Auburn woman finds magic as published fantasy novelist

KateMarie Collins' quest to become a fantasy novelist began with an unfortunate ending.

KateMarie Collins discovered her hidden talents as a writer. The Auburn woman’s debut novel

KateMarie Collins’ quest to become a fantasy novelist began with an unfortunate ending.

Her participation in the make-believe, role-playing game, Dungeons & Dragons, ended badly, with the demise of Collins’ character, Arwenna. But the Auburn woman would resurrect her as the main character on the pages of a different game, becoming the inspiration for her debut novel.

“There wasn’t any way to describe what happened in the game itself, so I wrote a short story about it and sent it off to my friends,” Collins said of launching her writing career. “Everyone, including me, started wondering about what happened next. Two and a half months later, the first draft was finished.”

The draft would soon grow into a deep, dark, bold and entertaining fantasy novel, “Daughter of Hauk”, recently released in ebook and paperback by Solstice Publishing.

The book presents a “Medieval-like” world of wizards and witches, elves and devils, where anything is likely to happen to anyone at any moment.

For Collins, the project spanned 3 1/2 years – from script to a contract with the publisher. She is thrilled about the finished work. A sequel already is in the works.

Online reviews have been favorable.

“I found a strength I didn’t know I had,” Collins said of her love for the craft of writing. “It’s my chance to be able to go, ‘You know, I can do this. I am talented enough. I did this totally on my own. … Nobody can take this away from me.’ “

Collins, encouraged by her husband and two daughters, began to submit her work to publishers. Despite rejections that are customary for first-time novelists-to-be, Collins persevered and struck a chord with readers gripped by an emerging, growing genre of dark fantasy storytelling, replete with adult themes.

“I always had (the imagination),” Collins said, “but didn’t do anything with it.”

Until lately.

In “Daughter of Hauk”, Collins’ imagination runs wild.

As Collins summarized:

For the orphaned elf, Arwenna, life had treated her kindly. Her human foster parents raised her well, preparing her for life as a cleric of the god, Silas. The illusion shattered when she was convicted of treason by the Paladins of Silas and executed.

Death wasn’t the paradise she expected. Tortured by demons, the layers of lies that had clouded her mind began to peel away. She’d been tricked into betraying Senyan, a man she thought she loved. Her skills had been used to bind the Demon Lord, Corse, to him. She was never intended to serve Silas. Arwenna bore the mark of a Daughter of Hauk.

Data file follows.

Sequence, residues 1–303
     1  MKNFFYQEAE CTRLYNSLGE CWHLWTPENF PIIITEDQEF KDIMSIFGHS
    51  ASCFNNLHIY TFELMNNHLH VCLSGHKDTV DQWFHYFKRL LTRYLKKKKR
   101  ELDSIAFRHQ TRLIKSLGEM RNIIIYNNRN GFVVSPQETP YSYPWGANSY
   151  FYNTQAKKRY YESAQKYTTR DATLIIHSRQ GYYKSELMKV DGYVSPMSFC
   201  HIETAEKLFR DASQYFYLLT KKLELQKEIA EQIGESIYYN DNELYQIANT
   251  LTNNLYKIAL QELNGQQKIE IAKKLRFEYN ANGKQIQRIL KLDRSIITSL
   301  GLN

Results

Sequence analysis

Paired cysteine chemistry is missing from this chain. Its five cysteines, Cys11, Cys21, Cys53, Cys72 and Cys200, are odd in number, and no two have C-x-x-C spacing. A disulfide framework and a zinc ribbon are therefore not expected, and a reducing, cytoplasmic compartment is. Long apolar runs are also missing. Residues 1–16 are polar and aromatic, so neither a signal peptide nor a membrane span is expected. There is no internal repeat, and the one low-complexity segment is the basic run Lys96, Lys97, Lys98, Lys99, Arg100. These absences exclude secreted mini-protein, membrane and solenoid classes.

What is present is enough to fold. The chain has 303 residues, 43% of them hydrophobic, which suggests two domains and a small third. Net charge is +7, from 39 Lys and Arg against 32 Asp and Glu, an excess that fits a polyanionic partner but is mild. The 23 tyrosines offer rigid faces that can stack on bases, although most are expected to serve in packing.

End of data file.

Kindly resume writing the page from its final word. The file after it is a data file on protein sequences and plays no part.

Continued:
Would Hauk give her the chance to stop Corse from fully manifesting in the world? And would she be able to save Senyan from the abyss she helped send him to?

In essence, “Daughter of Hauk” is about redemption, accountability and forgiveness. Collins’ storytelling magic flows behind the life of Arwenna, her death and rebirth.

Arwenna has been set up to help a demon lord gain a foothold in her world, Collins said. Only she doesn’t know it until she’s executed and memories that had been hidden from her for most of her life come through. She’s able to return and tries to stop the very thing she helped let loose onto the world, Collins explained.

“It’s a sense of accountability,” Collins said of the book. “To me, there seems to be, in society in general, this problem of ‘well, I did it, but it really wasn’t my fault. I don’t have to fix it.’ But everybody in (the book) is ‘no, we screwed up. We admit it. We fix it.’ “

Collins brings a believable, fun and conversational tone to her writing.

She decided to step out and give it a try. She fulfilled a quest, becoming a published novelist.

“I realized it was worth trying,” she said.


Book: “Daughter of Hauk”, Book 1, The Raven Chronicles, by KateMarie Collins (Solstice Publishing).

Order: Paperback ($13.99) on demand or ebook ($3.99) through, and other venues.

Book signing: 2 and 4 p.m., Saturday, Fantasium Comics and Games, 1500 S. 336th St., Suite 12A, Federal Way. 253-874-3084

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